University of California
UC Master Gardener Program of Sonoma County
Fava beans—also known as bell, broad, and horse beans—have value as a cool-season crop in home food gardens as well in agricultural fields. Deep roots and tasty beans endear favas to dedicated gardeners, as well as to many immigrant groups who praise their flavorful and cultural virtues that were first known in Europe and Asia. In the Middle Ages favas were salvaged from drought in Sicily where they became revered and considered almost magical.
- Attractive, bushy but erect plants grow 3-7 ft. tall with large, fragrant white or purplish flowers.
- Stems and foliage may be cut to the ground and composted or turned under planting beds as a green manure crop to nurture soil. Deep roots loosen soil and bring up nutrients.
- Nodules on roots contain rhizobium bacteria that fix airborne nitrogen, allowing it to replenish usable nitrogen in the soil, but only before bean pods form. Roots send nitrogen to developing beans as soon as pods develop.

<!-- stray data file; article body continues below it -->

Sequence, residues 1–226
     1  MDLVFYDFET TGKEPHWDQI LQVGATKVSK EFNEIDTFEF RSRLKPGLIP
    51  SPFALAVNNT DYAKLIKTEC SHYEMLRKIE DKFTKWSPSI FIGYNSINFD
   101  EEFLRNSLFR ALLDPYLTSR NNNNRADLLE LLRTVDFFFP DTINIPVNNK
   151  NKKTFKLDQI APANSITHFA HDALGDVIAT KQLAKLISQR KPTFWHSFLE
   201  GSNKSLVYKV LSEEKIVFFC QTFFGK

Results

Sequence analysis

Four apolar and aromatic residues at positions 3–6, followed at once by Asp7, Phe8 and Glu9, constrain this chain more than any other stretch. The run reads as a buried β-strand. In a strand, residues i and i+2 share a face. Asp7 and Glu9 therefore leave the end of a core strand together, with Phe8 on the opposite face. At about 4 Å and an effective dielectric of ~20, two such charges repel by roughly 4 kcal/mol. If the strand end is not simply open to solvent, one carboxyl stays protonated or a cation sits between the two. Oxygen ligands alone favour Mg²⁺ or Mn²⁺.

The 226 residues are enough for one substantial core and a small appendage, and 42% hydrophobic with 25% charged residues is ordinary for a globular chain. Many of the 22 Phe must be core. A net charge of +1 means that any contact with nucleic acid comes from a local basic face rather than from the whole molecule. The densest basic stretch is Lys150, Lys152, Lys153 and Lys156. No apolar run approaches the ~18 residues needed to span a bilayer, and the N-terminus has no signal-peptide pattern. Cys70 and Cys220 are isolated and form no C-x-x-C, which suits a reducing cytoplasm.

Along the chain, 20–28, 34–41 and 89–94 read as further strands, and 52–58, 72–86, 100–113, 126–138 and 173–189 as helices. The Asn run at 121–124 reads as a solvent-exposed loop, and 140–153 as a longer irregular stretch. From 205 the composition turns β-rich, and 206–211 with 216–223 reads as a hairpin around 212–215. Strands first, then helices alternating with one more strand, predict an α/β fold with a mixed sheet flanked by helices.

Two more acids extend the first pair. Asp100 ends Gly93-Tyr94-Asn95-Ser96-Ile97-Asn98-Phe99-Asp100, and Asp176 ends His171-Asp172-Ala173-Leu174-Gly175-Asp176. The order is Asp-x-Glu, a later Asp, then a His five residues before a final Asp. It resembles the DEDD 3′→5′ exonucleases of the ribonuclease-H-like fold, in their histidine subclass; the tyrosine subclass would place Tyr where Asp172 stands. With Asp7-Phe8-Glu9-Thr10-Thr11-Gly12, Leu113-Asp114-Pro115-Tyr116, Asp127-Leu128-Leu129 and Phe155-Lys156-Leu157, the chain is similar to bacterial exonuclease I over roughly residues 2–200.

- Deep roots act as a winter cover crop that deters erosion by protecting topsoil from wind and rain. Thick foliage slows winter weed growth.
- Plants become an integral part of crop rotation and fertilization after summer crops are cleared from food gardens.
- Early pollinators are attracted to cool-season fava blossoms.
- Mature pods hold large beans, resembling lima beans, that may be eaten raw, freshly boiled, or dried and cooked like any other dried bean.
- Thin skin surrounding mature shelled beans can be removed from raw or cooked beans for a more desirable texture and taste.
- Some people of Mediterranean origin have a genetic trait, an enzyme deficiency, that causes a severe allergic reaction to fava beans; testing a small sample is advised.
- Excessively cold winters and hot summers do not favor fava bean growth.
- Sow in late summer for late fall harvest, or in late summer-November to overwinter for early spring picking. In the absence of fall, winter, or spring rains, irrigate beds.
- Sow in January for beans in early summer, but only in mild, cool regions. Plants do not do well in warm weather when they are susceptible to pests and diseases.
- Seed in beds 1-2 in. deep, 6-8 in. apart in rows 18 in. apart in regular garden soil. A legume inoculant, specifically for fava beans, is recommended for an initial planting.
- Sonoma County Master Gardener Vegetable Planting Summary.